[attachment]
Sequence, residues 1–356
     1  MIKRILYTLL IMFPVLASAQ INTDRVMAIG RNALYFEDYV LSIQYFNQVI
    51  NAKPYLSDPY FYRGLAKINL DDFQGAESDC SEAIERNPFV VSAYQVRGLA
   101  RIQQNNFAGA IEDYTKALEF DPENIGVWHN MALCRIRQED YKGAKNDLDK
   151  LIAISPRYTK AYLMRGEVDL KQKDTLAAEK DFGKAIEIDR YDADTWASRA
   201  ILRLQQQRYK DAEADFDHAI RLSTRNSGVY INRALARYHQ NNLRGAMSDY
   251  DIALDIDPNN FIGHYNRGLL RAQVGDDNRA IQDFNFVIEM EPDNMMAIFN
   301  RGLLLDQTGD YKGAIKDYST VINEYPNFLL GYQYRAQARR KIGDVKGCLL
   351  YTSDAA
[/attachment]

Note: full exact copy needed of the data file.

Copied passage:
Sequence, residues 1–356
     1  MIKRILYTLL IMFPVLASAQ INTDRVMAIG RNALYFEDYV LSIQYFNQVI
    51  NAKPYLSDPY FYRGLAKINL DDFQGAESDC SEAIERNPFV VSAYQVRGLA
   101  RIQQNNFAGA IEDYTKALEF DPENIGVWHN MALCRIRQED YKGAKNDLDK
   151  LIAISPRYTK AYLMRGEVDL KQKDTLAAEK DFGKAIEIDR YDADTWASRA
   201  ILRLQQQRYK DAEADFDHAI RLSTRNSGVY INRALARYHQ NNLRGAMSDY
   251  DIALDIDPNN FIGHYNRGLL RAQVGDDNRA IQDFNFVIEM EPDNMMAIFN
   301  RGLLLDQTGD YKGAIKDYST VINEYPNFLL GYQYRAQARR KIGDVKGCLL
   351  YTSDAA